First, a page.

Carrying on with our early Top 30 prospects list, today we look at a pitcher who came in at #23 in our staff’s rankings, 23-year-old Yennsy Diaz.
Name: Yennsy Diaz
Position: Pitcher Age: 23
Height: 6’1” Weight: 202 lbs
Acquired: Signed as an International free agent in 2014
2019 Level: AA, MLB ETA: 2019
The Blue Jays used a boatload of different pitchers to get through the 2019 season, so you’ll be forgiven if you missed the MLB debut of Yennsy Diaz. He made his first appearance at 22-years-old and unfortunately it didn’t go very well, as he walked four of the seven batters he faced, giving him up two earned runs and recording just two outs. He was quickly sent back to the minor leagues, and we didn’t see him again.
More from Jays Journal
- Matt Chapman has been exactly what the Blue Jays needed
- Blue Jays: The goalposts are moving in the right direction
- Single-A Dunedin Blue Jays advance to the Championship Series
- Blue Jays: Comparisons for Alek Manoah’s Second Season
- Blue Jays: Adam Cimber, the unlikely decision King
That said, Diaz is just 23 years old, and he should have a bright career ahead of him, even if his first big league appearance was a bit of a disaster.
He was brought into the Blue Jays organization back in 2014 when he was signed as an international free agent at 18 years old, and he’s slowly worked his way through the minor league system. After splitting the 2018 season between Low and High-A, Diaz made 26 appearances (24 starts) in Double-A last season, and was mostly successful in New Hampshire. At that level, the right-hander ended up with a 3.74 ERA and a 1.233 WHIP over 144.1 innings.
Diaz is a hard thrower, and if he is able to harness the full potential of his fastball then he should be able to carve out a solid MLB career at some point. According to Baseball Savant, Diaz averaged 96.4 miles per hour on his fastball during his one appearance with the Blue Jays, and used it two thirds of the time at 66.7%. That’s certainly an encouraging number even if things didn’t go well, and Baseball Savant likes his fastball potential as well, giving it a rating of 60.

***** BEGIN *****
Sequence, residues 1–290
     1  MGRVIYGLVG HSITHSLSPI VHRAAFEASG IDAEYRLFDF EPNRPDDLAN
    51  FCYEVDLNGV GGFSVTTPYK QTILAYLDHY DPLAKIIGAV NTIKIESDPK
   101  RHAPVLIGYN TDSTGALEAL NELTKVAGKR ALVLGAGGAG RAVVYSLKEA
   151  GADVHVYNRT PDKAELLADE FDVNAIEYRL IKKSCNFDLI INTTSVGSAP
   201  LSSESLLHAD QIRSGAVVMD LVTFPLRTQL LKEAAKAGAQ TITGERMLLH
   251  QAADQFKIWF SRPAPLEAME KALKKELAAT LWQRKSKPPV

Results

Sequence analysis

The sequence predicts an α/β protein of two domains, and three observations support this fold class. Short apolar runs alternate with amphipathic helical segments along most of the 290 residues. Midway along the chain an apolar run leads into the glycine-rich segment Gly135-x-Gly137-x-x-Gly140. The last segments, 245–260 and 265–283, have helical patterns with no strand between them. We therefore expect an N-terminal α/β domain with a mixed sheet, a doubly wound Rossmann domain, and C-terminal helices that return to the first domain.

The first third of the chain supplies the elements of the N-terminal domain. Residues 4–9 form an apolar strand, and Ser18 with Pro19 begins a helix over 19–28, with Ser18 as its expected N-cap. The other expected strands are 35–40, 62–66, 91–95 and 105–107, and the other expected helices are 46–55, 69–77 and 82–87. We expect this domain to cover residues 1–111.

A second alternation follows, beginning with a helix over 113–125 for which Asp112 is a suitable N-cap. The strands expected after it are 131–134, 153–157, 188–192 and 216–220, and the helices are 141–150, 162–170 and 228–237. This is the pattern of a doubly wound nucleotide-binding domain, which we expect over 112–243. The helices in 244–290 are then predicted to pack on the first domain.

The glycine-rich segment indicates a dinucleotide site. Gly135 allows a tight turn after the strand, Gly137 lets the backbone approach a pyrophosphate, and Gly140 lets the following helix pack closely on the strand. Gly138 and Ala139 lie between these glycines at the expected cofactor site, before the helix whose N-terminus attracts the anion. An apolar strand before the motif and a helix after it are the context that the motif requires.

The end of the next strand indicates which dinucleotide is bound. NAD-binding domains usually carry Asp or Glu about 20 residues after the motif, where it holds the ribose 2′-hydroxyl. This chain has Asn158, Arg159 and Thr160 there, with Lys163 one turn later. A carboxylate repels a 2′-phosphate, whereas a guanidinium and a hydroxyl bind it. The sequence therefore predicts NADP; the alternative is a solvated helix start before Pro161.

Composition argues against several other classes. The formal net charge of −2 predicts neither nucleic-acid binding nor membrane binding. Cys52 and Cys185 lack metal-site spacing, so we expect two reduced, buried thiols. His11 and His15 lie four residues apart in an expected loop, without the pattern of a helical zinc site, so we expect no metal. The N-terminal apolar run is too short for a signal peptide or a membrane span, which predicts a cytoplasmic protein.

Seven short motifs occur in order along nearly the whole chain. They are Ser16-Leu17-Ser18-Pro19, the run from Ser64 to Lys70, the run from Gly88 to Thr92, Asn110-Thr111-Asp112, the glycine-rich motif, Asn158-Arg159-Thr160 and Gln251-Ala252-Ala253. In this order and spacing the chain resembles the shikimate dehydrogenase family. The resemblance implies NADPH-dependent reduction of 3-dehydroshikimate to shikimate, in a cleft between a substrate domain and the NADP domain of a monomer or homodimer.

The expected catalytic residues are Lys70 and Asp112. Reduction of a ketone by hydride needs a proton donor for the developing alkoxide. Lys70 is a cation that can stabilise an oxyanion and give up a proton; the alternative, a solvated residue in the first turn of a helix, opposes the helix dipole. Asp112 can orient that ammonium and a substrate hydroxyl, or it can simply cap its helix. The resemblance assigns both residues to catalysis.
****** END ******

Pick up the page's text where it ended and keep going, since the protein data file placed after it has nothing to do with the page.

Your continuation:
Surprisingly though, Diaz didn’t strike out as many hitters as you might expect from a pitcher of this description. Over his 144.1 innings in Double-A last year, he struck out 116 against 53 walks. Neither of those numbers are terribly encouraging, and he’ll want to ramp up the strikeout total, while also significantly widening the gap from that number of walks.
Diaz likes to rely on his fastball as his primary weapon, but he has two other offerings as well. His curveball is already seen as a potentially above average pitch according to several scouting reports, and Baseball Savant has it rated as a 55. He’s also been developing a change-up over the last couple of seasons, and while it’s behind his other two pitches, it’s starting to become a more feasible option for the native of the Dominican Republic. It’s still a work in progress, but it received a rating of 45.
As I’ve already mentioned, Diaz has struggled to reach his full potential so far in large part because of a lack of control. His 116-53 ratio last season was actually quite an improvement from 125-53 in 2018, and 82-41 in 2017 while he was in Lansing.
Baseball Savant gives his Control the same rating as his change-up at a 45, and it’ll likely be the determining factor in whether or not he can make the jump from the minor leagues to the highest level. He has the raw talent, but control gets more important the higher up the ladder you rise, and Diaz will have a tough time going much further without it.
It’s hard to say what’s ahead for Diaz’s future with the Blue Jays, and the 2020 campaign could be a big year for answering that question. For the time being he has a spot on the 40-man roster, and while I expect the Blue Jays won’t remove him this year, another season could certainly change his standing in the organization. He’s viewed as a starter for the time being, but the Blue Jays could also get him to focus on a two-pitch arsenal of his fastball and curveball, and that could be plenty to make him a viable reliever.
Chances are he’ll return to Double-A to start the year, largely because the Blue Jays could have a lot of starting pitchers to fit between Toronto and Buffalo if everyone is healthy. He’ll look to make the jump to Triple-A at some point, if he doesn’t start the year there, and hopefully will get a chance to redeem himself in the big leagues in 2020.